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Theories on listening skills

Updated April 17, 2017

The ability to listen actively and empathetically is one of the basic skills of the counselling profession, and is an essential component of any successful relationship. Theories of listening skills delineate modes of listening attentiveness, purposes of communication, implied meanings and metacommunication strategies.

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Theories of Listening Attentiveness

One model of listening attentiveness posits three levels of engagement: competitive (deflecting and avoiding criticism,) passive (acting as a polite audience, relying on assumptions) and active or reflective listening (using questions, paraphrasing and points of comparison.) Other models posit finer grades of attentiveness, including empathetic (communicating and reflecting emotions) and facilitative listening (empowering one's dialogue partner, actively seeking to create meaning and understanding.)

Purposes of Communication

Listeners must have the ability to intuit the purpose of a speaker's communication, whether that is primarily simple facts, thoughts and ideas or expressing emotions. For example, in a conversation that is focused on communicating facts, the primary responsibility of the listener is to gather the information and communicate that it has been learnt. If the speaker is attempting to express emotion, the listener must show that she understands how the speaker feels.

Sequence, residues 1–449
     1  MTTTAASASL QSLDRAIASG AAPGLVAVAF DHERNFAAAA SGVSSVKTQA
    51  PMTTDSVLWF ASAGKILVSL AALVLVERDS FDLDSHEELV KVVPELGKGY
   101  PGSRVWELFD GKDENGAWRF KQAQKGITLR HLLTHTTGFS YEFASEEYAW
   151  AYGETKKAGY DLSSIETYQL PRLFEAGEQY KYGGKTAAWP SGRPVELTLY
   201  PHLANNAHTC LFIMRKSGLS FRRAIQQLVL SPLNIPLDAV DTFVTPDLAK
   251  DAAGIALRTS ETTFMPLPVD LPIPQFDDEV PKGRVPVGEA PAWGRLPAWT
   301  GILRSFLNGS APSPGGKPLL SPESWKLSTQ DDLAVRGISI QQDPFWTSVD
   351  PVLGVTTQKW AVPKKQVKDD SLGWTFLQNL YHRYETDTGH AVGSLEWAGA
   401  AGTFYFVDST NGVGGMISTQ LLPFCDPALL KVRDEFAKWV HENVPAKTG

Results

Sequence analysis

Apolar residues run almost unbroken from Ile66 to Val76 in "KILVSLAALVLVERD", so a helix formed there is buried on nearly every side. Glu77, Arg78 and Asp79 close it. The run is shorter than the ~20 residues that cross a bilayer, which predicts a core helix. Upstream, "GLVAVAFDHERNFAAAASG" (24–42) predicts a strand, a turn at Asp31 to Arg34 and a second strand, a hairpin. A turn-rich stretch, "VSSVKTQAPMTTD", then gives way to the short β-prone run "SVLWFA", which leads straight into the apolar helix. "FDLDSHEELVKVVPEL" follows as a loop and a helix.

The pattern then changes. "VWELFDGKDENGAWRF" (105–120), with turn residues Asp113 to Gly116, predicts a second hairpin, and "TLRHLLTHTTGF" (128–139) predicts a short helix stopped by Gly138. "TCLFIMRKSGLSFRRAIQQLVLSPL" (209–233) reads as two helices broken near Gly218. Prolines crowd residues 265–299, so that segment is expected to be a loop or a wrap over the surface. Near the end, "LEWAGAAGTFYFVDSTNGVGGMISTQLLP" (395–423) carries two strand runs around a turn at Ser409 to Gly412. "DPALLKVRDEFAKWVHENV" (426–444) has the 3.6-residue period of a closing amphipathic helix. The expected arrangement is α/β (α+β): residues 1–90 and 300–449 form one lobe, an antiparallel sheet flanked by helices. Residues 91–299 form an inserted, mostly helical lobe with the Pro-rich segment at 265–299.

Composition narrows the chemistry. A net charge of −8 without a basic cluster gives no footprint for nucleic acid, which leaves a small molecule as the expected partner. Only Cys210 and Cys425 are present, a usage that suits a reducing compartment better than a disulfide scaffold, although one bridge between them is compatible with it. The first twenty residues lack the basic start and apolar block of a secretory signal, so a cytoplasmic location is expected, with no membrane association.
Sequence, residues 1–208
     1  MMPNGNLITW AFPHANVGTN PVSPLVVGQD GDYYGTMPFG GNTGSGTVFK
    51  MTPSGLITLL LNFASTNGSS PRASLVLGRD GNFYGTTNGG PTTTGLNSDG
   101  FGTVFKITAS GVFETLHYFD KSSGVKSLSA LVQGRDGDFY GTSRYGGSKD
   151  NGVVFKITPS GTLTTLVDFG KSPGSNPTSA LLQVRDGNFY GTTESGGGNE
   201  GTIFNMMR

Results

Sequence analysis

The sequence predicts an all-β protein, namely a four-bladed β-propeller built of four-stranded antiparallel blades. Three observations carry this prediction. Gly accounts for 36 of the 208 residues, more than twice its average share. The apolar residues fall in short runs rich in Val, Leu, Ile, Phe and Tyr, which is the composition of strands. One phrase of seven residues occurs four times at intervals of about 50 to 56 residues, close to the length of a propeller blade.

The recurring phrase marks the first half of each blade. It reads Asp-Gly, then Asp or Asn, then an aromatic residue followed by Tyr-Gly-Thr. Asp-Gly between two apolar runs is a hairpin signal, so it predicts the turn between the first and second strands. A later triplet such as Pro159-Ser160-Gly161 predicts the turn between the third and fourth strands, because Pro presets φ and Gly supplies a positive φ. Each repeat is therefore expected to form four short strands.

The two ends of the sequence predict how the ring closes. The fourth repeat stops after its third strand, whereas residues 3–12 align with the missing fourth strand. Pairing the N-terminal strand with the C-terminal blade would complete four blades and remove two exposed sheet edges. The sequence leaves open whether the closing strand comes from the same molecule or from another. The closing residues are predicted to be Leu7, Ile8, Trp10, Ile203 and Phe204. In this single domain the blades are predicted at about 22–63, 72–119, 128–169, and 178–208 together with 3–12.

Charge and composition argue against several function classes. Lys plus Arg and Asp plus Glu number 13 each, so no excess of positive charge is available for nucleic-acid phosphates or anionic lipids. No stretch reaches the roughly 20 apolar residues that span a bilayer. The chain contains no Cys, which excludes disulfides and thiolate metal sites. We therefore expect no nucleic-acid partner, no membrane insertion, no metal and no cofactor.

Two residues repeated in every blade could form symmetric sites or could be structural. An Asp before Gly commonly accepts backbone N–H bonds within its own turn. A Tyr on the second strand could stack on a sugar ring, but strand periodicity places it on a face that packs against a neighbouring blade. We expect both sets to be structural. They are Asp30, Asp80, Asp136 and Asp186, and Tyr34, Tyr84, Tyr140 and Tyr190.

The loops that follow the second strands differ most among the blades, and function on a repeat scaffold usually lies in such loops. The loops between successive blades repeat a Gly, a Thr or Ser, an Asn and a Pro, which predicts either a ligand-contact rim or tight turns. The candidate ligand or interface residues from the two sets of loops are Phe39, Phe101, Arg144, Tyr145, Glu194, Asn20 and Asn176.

Implied Meanings

Listening theories build on the fact that statements often have more than one meaning, ranging from explicit to implicit. Effective listeners use context and body language to get a sense of which meaning is most vital for understanding the message, while poor listeners often ignore or distort the obvious intention of statements.

Metacommunication Theories

Metacommunication theories observe that effective listeners often use techniques that call attention to the act of communication itself. These may include anticipatory remarks ("This is what I want to talk about today"; "Tell me what you hope to get out of this conversation"), adaptive comments ("You seem uncertain about what I just said - can I help clarify?") and reflective statements ("Let's review the points you made earlier"; "I'd like to hear your perspective on how our conversation went.")

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About the Author

Colby Phillips' writing interests include culture and politics. Phillips received a Bachelor of Arts in English from the University of Oregon and a Master of Arts in philosophy from Boston College.

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